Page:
What You Can Do To Help Stop Sexual Misconduct
Sexual contact requires mutual consent. An incapacitated person (for example, a person who is intoxicated by drugs or alcohol) is incapable of giving consent. No one deserves to be sexually assaulted, stalked or victimized in any way. Don't engage in any behavior that may be considered dating/domestic violence, sexual assault, stalking or any other form of violence. Never use force, coercion, threats, alcohol or other drugs to engage in sexual activity. Take responsibility for your actions. Avoid alcohol and other drugs. Remember "no" means "No!" and "stop" means "Stop!" Report incidents of violence (including coercion) to law enforcement and campus authorities. Discuss dating/domestic violence, sexual assault and stalking with friends—speak out against violence and clear up misconceptions. Don't mistake submission or silence for consent.
What You Can Do To Help Minimize Your Risk of Becoming a Victim
Be aware. Does your partner: Threaten to hurt you or your children? Say it's your fault if he or she hits you and then promises it won't happen again (but it does)? Put you down in public? Force you to have sex when you don't want to? Follow you? Send you unwanted messages and gifts?
- Be assertive.
- Speak up.
- Stay sober and watch out for dates and/or anyone who tries to get you drunk or high.
- Clearly communicate limits to partners, friends, and acquaintances.
- Never leave a party with someone you don't know well and trust.
- Trust your feelings; if it feels wrong, it probably is.
- Learn all you can and talk with your friends. Help them stay safe.
- Report incidents of violence to law enforcement and campus authorities.
What You Can Do If You Are a Victim, in General
- Go to a safe place as soon as possible.
- Preserve evidence.
- Report the incident to University Police or local law enforcement.
- Report the incident to your campus Title IX Coordinator.
- Call a domestic violence, sexual assault or stalking hotline.
- Call a friend or family member for help.
- Know that you are not at fault. You did not cause the abuse to occur and you are not responsible for someone else's violent behavior.
What is Dating Violence or Domestic Violence?
Dating/Domestic violence is a pattern of abusive behaviors used to exert power and control over a partner. Dating/Domestic violence can be physical, sexual, emotional, economic or psychological actions or threats of actions that influence another person. This includes any behaviors that intimidate, manipulate, humiliate, isolate, frighten, terrorize, coerce, threaten, blame, hurt, injure or wound someone.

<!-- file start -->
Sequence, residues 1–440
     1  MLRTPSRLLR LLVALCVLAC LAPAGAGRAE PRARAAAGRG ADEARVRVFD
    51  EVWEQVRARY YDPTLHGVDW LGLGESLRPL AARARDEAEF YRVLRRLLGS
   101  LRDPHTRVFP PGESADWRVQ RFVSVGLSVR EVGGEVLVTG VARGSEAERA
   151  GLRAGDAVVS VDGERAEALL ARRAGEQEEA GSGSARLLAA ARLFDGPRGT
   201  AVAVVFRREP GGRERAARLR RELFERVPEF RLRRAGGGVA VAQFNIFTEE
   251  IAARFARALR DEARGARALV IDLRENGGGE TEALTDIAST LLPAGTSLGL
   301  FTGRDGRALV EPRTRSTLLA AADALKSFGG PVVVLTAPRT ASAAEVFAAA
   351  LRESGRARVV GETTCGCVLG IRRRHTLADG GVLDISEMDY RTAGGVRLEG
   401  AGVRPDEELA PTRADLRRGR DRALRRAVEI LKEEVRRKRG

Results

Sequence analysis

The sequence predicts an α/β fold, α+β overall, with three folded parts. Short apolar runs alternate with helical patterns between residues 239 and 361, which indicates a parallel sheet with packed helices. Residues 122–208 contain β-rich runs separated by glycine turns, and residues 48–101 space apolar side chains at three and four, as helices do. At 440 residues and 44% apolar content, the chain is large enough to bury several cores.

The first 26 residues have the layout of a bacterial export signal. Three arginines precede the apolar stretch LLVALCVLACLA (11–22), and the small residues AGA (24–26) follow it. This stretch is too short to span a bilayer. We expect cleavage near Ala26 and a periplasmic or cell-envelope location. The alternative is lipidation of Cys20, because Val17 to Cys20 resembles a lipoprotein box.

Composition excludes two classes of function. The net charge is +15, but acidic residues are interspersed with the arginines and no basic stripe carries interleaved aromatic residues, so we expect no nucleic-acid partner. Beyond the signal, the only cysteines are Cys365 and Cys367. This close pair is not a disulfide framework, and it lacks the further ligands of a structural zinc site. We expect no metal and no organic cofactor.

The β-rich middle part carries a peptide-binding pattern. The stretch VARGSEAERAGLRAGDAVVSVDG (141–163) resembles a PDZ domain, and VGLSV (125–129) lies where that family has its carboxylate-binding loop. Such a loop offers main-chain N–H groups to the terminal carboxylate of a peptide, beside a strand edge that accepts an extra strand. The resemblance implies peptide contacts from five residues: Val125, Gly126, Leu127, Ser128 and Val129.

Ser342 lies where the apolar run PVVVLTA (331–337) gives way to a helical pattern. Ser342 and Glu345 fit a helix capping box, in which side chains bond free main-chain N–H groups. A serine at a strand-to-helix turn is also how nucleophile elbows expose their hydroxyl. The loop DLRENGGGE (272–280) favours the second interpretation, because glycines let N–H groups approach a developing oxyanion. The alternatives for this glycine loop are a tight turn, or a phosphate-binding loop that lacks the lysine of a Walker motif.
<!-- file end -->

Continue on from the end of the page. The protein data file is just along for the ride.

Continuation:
Dating/Domestic violence can happen to anyone regardless of race, sexual orientation, social economics, education, age, religion, etc. Dating/Domestic violence can also affect family, friends, co-workers and members in the community, in addition to the victim and abuser. Domestic violence can occur regardless of the relationship status, including individuals who are dating, co-habitating, or married.
Types of Dating/Domestic Violence That Includes Sexual Misconduct
There usually is a pattern or a repeated cycle of dating violence, starting with the first instance of abuse.
General Pattern of Behavior:
- Tension Building: Relationship begins to get strained or tense between partners.
- Explosion: Outburst that includes verbal, emotional, or physical abuse.
- Honeymoon: Apologies where the abuser tries to re-connect with his/her partner by shifting the blame onto someone or something else.
Definitions of What Dating/Domestic Violence Looks Like
Any actions used for the intent of gaining power and control over a person:
- Physical Abuse: any intentional use of physical force with the intent to cause injury (i.e. grabbing in a way to inflict pain, hitting, shoving, strangling, kicking)
- Emotional Abuse: non-physical behaviors such as threats, insults, constant monitoring, humiliation, intimidation, isolation, silent treatment, or stalking
- Sexual Abuse: any action that impacts the partner's ability to control their sexual activity or the circumstance which sexual activity occurs, including rape, coercion or restricting access to birth control
Warnings or Signs of Potential Dating/Domestic Violence
Ask yourself if your partner engages in one or any of the following activities:
- Checks my cell phone or email without my permission.
- Monitors where I'm going, who I'm going with, what I'm doing.
- Repeatedly says or does things to make me feel inadequate or inferior to him/her.
- Extreme jealously or insecurity.